After looking at it, I determined that the only way I can bypass and ensure results every time I request a short URL from Google. Is to go down the API key route. So I had to go to https://console.developers.google.com/ and create a project to get an API key bah! I create my project and then ensure that only the URL Shortener API is enabled. This will prevent someone using the projects API key elsewhere for other Google Services. So Signing up was easy and painless, I recommend you use your own key at this point but meh! Grumpy Admin doesn’t really care! What the worse you can do, max it the quota out!

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Another thing I want to point out at this stage is it might be worth modifying the per user limit requests – I raised this up from 1 to 10 – this makes it more sensible and should mitigate any 403 forbidden errors you would get if you execution is faster.

So I we have done everything we need to do on the Google side of life, we have our API key AIzaSyAC0LjH3qcPbu910GbfBTRm2AhkxwBL85M and we know what we want to achieve, post a restful api command to a web service in JSON format and get the returned short URL and do something with it!

Now I rack my brain on a possible PowerShell command that allows me to send Post methods to the internet….. Ah there you are my friend


So once again let’s do the tried and test Get-Help Invoke-RestMethod and we can see all the goodies and knowledge that we need so we can get this working. I construct a command like the following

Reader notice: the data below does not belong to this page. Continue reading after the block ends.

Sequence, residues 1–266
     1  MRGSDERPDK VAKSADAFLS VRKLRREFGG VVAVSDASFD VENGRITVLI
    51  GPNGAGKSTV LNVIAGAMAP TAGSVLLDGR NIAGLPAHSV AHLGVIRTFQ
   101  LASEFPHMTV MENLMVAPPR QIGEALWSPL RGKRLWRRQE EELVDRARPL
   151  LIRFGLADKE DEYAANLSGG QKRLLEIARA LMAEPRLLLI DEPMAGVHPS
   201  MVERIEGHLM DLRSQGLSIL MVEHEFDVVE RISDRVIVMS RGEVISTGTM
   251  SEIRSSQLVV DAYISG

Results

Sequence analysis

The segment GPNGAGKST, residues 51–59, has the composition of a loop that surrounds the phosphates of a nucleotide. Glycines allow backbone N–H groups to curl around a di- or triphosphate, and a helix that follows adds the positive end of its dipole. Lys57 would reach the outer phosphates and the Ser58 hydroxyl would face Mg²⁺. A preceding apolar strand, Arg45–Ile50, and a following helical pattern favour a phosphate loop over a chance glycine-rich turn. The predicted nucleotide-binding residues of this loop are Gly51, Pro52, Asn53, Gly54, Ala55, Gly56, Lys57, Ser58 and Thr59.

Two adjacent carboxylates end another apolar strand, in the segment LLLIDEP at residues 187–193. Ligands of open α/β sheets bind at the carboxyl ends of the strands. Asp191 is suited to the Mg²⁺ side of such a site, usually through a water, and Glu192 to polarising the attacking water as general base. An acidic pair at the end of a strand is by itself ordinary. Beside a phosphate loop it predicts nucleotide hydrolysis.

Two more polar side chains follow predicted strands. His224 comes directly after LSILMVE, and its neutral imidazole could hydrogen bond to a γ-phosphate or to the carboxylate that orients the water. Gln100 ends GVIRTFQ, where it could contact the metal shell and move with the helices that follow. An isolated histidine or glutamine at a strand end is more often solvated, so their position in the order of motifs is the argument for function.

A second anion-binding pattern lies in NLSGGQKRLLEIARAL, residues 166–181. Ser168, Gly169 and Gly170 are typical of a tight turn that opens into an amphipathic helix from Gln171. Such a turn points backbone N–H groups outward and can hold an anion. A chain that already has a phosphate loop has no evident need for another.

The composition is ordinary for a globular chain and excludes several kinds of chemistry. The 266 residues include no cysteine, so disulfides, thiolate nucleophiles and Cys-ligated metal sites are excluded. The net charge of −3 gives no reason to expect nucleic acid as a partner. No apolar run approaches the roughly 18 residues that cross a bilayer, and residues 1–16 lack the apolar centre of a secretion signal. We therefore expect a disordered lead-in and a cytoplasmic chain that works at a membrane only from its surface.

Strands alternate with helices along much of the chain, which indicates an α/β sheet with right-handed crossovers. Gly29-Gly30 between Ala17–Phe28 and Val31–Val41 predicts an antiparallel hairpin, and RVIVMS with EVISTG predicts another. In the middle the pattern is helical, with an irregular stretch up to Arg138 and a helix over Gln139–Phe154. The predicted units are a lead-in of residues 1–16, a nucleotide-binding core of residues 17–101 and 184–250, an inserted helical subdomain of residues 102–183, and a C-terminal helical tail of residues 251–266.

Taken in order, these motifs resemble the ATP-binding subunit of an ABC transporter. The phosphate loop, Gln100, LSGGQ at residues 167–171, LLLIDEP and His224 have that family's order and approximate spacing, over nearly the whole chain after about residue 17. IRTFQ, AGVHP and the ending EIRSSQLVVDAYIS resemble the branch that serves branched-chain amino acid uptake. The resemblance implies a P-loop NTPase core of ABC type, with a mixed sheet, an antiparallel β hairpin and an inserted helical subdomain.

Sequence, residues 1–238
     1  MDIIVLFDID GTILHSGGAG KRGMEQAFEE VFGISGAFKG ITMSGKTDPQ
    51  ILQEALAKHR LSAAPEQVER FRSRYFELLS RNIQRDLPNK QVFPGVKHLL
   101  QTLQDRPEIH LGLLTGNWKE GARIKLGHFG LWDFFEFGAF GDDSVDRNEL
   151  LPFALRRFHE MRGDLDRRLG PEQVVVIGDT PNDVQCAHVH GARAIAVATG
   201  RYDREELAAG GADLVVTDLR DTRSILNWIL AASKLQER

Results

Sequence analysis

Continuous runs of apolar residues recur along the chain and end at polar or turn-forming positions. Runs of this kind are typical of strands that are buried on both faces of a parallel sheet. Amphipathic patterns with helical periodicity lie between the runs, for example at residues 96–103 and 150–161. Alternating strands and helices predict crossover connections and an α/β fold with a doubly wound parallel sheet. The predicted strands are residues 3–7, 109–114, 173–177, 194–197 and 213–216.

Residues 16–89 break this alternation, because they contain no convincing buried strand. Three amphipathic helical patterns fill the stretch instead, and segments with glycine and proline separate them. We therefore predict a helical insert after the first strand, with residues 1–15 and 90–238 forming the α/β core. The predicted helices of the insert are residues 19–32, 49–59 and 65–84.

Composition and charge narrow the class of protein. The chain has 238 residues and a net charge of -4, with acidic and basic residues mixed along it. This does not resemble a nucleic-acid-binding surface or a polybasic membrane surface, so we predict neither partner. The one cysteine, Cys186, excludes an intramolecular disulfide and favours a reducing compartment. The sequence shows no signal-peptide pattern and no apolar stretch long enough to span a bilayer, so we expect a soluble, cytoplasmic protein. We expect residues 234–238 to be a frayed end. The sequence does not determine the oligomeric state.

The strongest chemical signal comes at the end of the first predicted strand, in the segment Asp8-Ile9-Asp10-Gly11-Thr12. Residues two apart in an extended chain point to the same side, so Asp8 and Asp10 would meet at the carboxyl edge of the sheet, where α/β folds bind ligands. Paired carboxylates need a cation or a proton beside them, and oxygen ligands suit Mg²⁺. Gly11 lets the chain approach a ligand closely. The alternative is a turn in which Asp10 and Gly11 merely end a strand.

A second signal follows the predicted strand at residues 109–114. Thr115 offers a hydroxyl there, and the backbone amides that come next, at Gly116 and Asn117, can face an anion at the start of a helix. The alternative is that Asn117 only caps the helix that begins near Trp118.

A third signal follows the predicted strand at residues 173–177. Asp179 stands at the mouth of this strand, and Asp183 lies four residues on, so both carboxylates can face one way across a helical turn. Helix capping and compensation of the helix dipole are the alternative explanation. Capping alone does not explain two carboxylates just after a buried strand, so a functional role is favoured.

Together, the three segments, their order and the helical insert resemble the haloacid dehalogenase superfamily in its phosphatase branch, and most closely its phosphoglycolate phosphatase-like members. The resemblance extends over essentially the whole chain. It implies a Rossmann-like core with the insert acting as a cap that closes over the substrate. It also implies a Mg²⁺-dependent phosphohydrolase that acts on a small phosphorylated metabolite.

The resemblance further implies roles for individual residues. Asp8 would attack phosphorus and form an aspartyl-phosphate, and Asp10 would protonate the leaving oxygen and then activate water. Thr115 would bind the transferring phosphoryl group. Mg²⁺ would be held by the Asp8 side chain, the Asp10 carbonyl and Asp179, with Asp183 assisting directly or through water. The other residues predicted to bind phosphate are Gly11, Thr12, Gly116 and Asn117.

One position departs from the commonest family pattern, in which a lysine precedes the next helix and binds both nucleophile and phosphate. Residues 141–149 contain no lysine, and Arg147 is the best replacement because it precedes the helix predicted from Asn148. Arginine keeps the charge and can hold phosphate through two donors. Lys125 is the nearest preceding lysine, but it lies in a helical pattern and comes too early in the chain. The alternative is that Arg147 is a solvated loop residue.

Invoke-RestMethod -Uri https://www.googleapis.com/urlshortener/v1/url?key=$key –Body ‘{“longUrl”: “http://www.google.com/”}’ -ContentType application/json -Method Post

This was to prove that the syntax for the query works… so now we can use our PowerShell skills to make this in to a more reusable code, as my end goal is I want to pass a CSV file with URLs in it which will then be shortened and then written back to another CSV/txt file. Right let’s get to work!

So I draft my function – ignoring all the syntax of PowerShell commands, grumpy admin doesn’t worry about the Verbs conventions in PowerShell at the moment!

Function Shorten-URL {}

A good start, time for coffee…. next we need to be able to dynamically change the longURL in the JSON that we are going to be passing to Google in the –body portion of our Invoke-RestMethod cmdlet. I tried a few different methods, but the method which I found worked the best and made it easier in my mind to see what is going on was this.